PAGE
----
In the present case, Gen Senanayake and other Sri Lankan sources have talked about an ‘Indian link’ to the Easter bombers, without acknowledging any specific Indian role in the investigations. It is another matter, going by established international norms, including 26/11 ‘Mumbai serial blasts’ (2008) in India, intelligence agencies and investigators of nations from which victims came, have had free access to the blast-sites and local investigators’ briefings.
As may be recalled, early media reports had claimed that Sri Lanka may be seeking assistance from India’s ‘National Investigation Agency’ (NIA), specialising in anti-terror actions, including investigations. Other Indian agencies too have had years and decades of experience and expertise in investigating and tracing religious radicalism and terrorism, India becomes a natural choice for Sri Lanka to work with. However, nothing much seems to have come out of such reports, barring political criticism in Sri Lanka, against seeking ‘foreign assistance’ in the investigations and post-blasts security arrangements.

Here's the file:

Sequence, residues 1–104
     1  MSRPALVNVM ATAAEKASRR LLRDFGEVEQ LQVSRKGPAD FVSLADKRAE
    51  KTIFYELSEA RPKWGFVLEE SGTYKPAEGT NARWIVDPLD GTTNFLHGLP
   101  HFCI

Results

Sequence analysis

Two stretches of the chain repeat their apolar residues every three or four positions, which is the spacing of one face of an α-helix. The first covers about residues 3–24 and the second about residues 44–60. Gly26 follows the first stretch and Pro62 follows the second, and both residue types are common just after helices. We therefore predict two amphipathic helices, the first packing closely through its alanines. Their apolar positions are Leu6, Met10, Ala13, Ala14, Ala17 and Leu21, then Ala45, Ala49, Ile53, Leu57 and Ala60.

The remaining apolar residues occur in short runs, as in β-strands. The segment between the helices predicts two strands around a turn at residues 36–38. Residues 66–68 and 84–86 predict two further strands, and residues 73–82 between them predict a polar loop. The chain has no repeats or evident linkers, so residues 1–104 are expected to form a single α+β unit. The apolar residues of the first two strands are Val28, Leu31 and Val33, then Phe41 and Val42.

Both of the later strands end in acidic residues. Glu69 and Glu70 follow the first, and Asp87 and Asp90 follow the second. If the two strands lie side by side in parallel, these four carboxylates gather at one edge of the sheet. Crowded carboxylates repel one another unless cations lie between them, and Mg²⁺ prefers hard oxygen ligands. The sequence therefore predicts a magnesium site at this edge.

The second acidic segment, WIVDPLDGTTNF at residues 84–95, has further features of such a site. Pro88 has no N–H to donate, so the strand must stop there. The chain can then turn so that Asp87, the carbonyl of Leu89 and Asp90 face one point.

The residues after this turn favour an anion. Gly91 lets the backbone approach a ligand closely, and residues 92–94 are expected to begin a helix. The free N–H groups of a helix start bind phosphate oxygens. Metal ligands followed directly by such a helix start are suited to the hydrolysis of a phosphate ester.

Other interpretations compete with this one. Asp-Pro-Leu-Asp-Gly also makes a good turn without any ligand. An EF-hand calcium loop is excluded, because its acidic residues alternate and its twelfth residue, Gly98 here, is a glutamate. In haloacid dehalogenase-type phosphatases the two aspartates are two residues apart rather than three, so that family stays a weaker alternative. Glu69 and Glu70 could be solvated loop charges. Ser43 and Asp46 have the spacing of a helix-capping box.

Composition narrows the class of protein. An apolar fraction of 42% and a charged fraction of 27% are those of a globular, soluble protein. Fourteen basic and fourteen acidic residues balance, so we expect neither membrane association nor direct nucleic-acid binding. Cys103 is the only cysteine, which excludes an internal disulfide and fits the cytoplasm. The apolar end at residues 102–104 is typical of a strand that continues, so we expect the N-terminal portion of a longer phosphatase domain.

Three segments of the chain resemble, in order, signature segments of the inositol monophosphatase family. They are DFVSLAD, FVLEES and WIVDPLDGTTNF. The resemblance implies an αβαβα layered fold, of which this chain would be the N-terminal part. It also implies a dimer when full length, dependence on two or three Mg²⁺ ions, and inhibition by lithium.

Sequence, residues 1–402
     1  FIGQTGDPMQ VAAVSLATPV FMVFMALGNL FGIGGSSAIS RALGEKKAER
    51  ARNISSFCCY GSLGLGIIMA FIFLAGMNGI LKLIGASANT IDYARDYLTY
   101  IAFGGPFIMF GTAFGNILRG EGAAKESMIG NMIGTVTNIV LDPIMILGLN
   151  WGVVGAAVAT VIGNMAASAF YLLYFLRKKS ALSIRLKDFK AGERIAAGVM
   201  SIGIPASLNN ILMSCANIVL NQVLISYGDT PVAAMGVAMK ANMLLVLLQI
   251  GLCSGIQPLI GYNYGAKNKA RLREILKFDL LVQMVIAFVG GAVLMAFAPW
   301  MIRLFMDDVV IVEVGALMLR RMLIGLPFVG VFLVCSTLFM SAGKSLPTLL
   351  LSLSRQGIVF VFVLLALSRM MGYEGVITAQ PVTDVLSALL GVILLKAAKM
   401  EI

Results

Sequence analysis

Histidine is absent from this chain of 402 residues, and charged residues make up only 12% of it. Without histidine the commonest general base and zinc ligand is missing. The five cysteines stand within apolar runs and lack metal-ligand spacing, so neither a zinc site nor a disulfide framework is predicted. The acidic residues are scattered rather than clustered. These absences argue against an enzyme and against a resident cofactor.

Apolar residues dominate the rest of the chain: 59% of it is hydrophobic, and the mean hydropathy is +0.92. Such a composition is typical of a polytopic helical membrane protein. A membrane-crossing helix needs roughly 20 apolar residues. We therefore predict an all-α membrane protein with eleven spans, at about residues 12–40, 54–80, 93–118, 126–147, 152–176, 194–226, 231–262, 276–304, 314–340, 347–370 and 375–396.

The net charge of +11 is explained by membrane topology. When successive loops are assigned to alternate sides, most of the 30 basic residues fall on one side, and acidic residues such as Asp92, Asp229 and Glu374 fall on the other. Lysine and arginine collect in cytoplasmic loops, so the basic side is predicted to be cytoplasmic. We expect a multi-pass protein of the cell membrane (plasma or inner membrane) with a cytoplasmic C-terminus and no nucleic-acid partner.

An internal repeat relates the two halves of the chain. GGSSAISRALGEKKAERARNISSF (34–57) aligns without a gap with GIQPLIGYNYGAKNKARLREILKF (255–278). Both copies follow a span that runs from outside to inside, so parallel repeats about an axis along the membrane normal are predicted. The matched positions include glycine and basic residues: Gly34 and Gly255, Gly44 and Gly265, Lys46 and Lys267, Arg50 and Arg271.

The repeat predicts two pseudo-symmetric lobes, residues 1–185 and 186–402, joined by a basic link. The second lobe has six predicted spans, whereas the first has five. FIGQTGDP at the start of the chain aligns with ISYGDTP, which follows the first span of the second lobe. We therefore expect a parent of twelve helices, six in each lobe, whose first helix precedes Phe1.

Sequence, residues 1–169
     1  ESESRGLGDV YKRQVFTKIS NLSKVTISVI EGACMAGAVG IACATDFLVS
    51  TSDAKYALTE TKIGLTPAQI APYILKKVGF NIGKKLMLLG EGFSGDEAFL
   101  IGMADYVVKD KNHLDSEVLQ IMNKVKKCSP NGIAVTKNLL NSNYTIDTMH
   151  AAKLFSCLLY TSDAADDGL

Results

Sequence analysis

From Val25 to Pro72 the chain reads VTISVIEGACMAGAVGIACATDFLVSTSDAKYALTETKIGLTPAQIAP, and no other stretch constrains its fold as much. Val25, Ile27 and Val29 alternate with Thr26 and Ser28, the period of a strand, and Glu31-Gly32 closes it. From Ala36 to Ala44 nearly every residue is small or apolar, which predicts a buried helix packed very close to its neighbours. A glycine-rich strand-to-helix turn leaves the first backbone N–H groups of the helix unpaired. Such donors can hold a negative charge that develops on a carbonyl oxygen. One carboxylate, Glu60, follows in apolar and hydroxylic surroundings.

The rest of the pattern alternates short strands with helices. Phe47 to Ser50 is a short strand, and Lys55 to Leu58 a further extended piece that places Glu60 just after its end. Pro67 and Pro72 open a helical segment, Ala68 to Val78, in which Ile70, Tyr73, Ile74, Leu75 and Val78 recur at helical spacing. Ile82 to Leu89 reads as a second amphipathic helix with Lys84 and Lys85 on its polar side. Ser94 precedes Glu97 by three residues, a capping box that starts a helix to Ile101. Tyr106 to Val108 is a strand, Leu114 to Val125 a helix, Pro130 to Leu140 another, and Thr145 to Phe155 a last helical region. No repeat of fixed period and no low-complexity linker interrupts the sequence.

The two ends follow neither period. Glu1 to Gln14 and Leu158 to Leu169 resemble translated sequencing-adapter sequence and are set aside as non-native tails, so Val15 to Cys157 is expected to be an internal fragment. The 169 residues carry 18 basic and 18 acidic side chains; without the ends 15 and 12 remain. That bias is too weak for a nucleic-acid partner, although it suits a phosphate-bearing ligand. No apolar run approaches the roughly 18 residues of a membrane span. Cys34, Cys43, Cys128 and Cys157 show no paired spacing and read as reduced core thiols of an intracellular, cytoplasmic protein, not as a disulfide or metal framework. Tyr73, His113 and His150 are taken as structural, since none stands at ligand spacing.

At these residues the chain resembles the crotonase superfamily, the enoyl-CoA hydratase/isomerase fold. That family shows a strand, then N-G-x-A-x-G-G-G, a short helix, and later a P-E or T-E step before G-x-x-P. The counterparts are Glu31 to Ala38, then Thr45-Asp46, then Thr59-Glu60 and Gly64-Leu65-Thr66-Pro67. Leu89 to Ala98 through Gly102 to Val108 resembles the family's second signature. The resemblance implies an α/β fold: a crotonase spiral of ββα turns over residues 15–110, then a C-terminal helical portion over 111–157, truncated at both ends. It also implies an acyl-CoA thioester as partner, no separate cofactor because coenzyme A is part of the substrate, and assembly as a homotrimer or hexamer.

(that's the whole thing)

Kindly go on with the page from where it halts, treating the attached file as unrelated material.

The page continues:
India also has many victims in the Easter blasts. Indian radicals have had acknowledged links to the Sri Lankan bombers. Then, more Indian faces would have been seen in the blast-sites. It does not seem to be the case, at least going by media reports of ‘foreign investigators’ sighted at the blasts sites and elsewhere.
Barring specifics, it’s not unknown that post-9/11 and more so post-26/11, Indian intelligence and security agencies had kept the alert high on many occasions, for possible terror communication and movement, targeting and damage. Earlier, it used to for Pakistani ISI-aided terror-targeting of India, from northern borders, but after 26/11, India was alive to the possibilities of similar attacks from the seas, including the southern coastline.
A social media speculation is that Sri Lankan authorities, when alerted by India, may have confused between their own perception of the ‘non-existent’ IS in the country and India’s acknowledged obsession with Pakistan’s ISI. If they were following international terror patterns as closely as they did during the ‘hay days’ of the LTTE, they would have readily concluded that India faced terrorism not only from the ISI but also from ‘IS brand’ of international terrorist threats of the international religious/ideological kind.